We must combat serious sexual crime
To combat serious sexual crime, we must first understand it.
There has been an increase in serious sexual offences reported to police across the country. In our county, comparing the period from April 2014 to March 2015 with the same period in 2013-14, there has been an increase of 32 per cent in the number of serious sexual offences reported to Essex Police. This is an increase of 467 individual offences, with the total number rising in Essex from 1,446 offences to 1,913 crimes.
The 32 per cent increase in serious sexual offences in our county is in line with a national increase of 32 per cent of all sexual offences comparing calendar year 2014 with 2013, reported by the Office of National Statistics here.
Whatever is happening in Essex seems to be reflected across England and Wales.
At my request, Essex Police has produced a detailed breakdown of serious sexual offences which can be seen in the series of Tables here:
I’ve published this information as I believe it will help inform the debate, explain some of the underlying trends, and most crucially of all help bring offenders to justice and protect victims from harm. If together we are to address the problem, we need to understand precisely what is going on.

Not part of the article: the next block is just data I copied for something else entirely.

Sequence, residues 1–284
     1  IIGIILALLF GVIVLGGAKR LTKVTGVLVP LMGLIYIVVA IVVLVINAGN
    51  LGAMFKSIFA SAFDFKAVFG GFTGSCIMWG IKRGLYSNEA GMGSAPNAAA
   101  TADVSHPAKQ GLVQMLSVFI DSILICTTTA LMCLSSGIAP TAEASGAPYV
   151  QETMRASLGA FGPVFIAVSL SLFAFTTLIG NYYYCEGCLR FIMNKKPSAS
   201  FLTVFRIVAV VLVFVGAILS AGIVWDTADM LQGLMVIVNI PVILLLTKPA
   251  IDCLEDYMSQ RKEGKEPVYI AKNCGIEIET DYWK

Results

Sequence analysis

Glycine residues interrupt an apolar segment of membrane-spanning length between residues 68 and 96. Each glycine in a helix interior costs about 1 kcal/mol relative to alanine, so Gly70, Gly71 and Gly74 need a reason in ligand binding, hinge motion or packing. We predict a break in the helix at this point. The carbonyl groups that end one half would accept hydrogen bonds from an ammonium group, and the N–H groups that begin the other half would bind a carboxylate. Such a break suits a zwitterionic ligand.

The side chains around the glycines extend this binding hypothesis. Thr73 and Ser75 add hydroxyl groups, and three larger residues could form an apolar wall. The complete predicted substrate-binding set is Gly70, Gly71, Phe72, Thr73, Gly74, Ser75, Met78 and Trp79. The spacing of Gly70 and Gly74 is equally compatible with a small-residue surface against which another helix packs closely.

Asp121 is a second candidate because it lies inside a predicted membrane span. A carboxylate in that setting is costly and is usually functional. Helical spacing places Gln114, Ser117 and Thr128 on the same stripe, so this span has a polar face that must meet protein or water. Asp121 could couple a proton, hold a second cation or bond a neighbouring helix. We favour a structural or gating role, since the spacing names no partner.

Firstly, I note that the number of serious sexual offences reported to Essex Police has nearly doubled, rising by 81 per cent in the past two years. In 2012-13, 1,059 serious sexual offences, including 451 rapes, were reported to the force; by 2014-15, there were 1,913 such offences reported, of which 879 were rapes. (Table 5)
Secondly, there has been an increase in the reporting of what are termed “historic” sexual offences – sometimes now referred to as non-recent. The use of the phrase “historic” does not mean that the crime is any less severe. However, there may be practical obstacles to investigation, such as the lack of forensic opportunities and difficulty in tracking down witnesses. In this context, the term historic is used to describe cases where the crime occurred more than a year before it was reported to police. In 2012-13, 246 serious sexual offences were reported to Essex Police which were categorised as historic. By 2014-15, this number had risen to 481 crimes. (Table 5A) The increased reporting of serious sexual offences during the same time period means that the proportion of reported serious sexual offences which were historic in nature was essentially stable, rising just a little from 23 per cent to 25 per cent. This means that around a quarter of sexual offences are reported to police more than a year after the crime occurred.